CULTURE

Out & About: voices rising

A peek behind the scenes as choral rock star Jake Runestad rehearses Choral Arts Ensemble's singers for a concert of his own music

In 2016 I was commissioned by the North Coast Chorale to create piece-specific art to be projected in the concert hall during their performance of Karl Jenkin’s The Armed Man – A Mass for Peace – 13 montages in total, one for each movement. While working on them I listened to the choral work over and over until I practically knew it by heart. Even though it probably now counts as one of the war horses of choral music, it was a glorious experience.

This week I was invited to a different, equally exciting occasion: to listen to and photograph composer Jake Runestad, from Minnesota, directing his own choral work in preparation for a concert on Saturday, The Hope of Loving, with the Choral Arts Ensemble of Portland.

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FilmWatch Weekly: Cinematic obsessions spring onto the screen

"You Were Never Really Here," "Ismael's Ghosts," and "Yakuza Apocalypse"

Obsession can take many forms, and at least a few of them are on display in films opening this week in Portland.

An obsession with justice, if not revenge, drives Joe, the haunted, brutal character played by Joaquin Phoenix in director Lynne Ramsay’s latest film, “You Were Never Really Here.” The bearded, stocky, steel-eyed veteran works as a hired gun (or, in his case, hired hammer) tracking down and retrieving abducted underage girls. In the process, he’s also working through the intense traumas he suffered both as a child and serving in the military overseas. When one job goes bloodily awry, Joe embarks on a violent quest to save teenaged Nina (Ekaterina Samsonov).

If that synopsis sounds similar to a range of “God’s Lonely Man” movies, in which a damaged, older male figure seeks redemption through the act of saving the life and/or virtue of a younger female figure, that’s because it is. From “The Searchers” to “Taxi Driver” to more recent movies starring Denzel Washington or Liam Neeson, the movies are full of these brutal icons of patriarchal wrath. The question here is whether Phoenix or Ramsay can bring anything new to this year’s model.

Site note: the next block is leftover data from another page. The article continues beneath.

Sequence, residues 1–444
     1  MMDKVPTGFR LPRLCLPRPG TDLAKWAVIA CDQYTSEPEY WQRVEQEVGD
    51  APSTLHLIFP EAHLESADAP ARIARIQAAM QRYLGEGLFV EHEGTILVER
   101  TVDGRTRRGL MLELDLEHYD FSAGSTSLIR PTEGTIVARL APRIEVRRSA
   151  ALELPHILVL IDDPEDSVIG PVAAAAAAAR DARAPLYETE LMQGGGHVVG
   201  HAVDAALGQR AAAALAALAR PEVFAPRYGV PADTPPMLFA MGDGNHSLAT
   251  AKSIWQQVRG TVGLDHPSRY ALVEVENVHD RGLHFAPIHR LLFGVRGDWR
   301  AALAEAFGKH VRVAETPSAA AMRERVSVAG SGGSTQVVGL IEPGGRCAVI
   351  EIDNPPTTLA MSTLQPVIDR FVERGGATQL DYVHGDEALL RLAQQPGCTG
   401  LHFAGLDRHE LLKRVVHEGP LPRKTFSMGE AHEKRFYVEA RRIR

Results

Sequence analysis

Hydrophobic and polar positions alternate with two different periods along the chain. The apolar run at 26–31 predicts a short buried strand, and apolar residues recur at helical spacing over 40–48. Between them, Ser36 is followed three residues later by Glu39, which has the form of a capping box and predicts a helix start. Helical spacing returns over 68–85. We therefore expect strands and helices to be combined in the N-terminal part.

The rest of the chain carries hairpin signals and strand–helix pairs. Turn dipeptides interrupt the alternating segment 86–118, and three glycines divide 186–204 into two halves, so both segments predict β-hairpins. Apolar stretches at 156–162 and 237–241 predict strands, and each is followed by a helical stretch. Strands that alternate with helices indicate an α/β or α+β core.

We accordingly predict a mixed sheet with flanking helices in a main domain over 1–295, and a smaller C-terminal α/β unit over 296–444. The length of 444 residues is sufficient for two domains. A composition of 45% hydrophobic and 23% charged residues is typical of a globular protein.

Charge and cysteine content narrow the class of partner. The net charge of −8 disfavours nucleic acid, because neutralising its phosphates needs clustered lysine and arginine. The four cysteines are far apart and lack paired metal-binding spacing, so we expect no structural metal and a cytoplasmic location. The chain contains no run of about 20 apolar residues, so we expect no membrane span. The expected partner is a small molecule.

The answer is, essentially, not enough. The pairing of actor and filmmaker is enough to make fans of uncompromising cinema salivate in anticipation. Phoenix is known for going all in on a role, and here he puts on weight, allows his fraying, graying mane to run wild, and goes full Brando with the mumbling and unremittingly intensity. Ramsay, the Scottish director, has exhibited a similarly uncompromising streak in film ranging from her debut feature “Ratcatcher” to the parental nightmare of 2011’s “We Need to Talk About Kevin.” This is Ramsay’s first feature since then, largely due to her disastrous experience on “Jane Got a Gun,” a film she walked away from because of creative differences with its producers. Now that’s uncompromising.

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To Ursula, with love

Hopelessly stuck in traffic with a literary legend – my wild ride of a day with Ursula K. Le Guin

A tribute to Portland literary great Ursula K. Le Guin has been set for Wednesday, June 13, at 7:30 p.m., at Arlene Schnitzer Concert Hall.

Fittingly, Literary Arts, with whom Ursula had a long association, has the honor of hosting, and you can sign up to receive a notice when free tickets will be released on May 1.

As Literary Arts bills it: “We will hear from some of the people who were with her professionally or privately throughout the course of her life: writers influenced by her work, artists who collaborated with her, readers who were changed by her stories, and some of her closest friends.”

Seemingly, everyone has an Ursula story. Mine? She was the centerpiece of one of the best and one of the worst days of my life.

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the first and the last: An interview with kiki nicole and ariella tai

A new experimental film/video and new media arts project launches a series of programs by and for black femmes, women, and non-men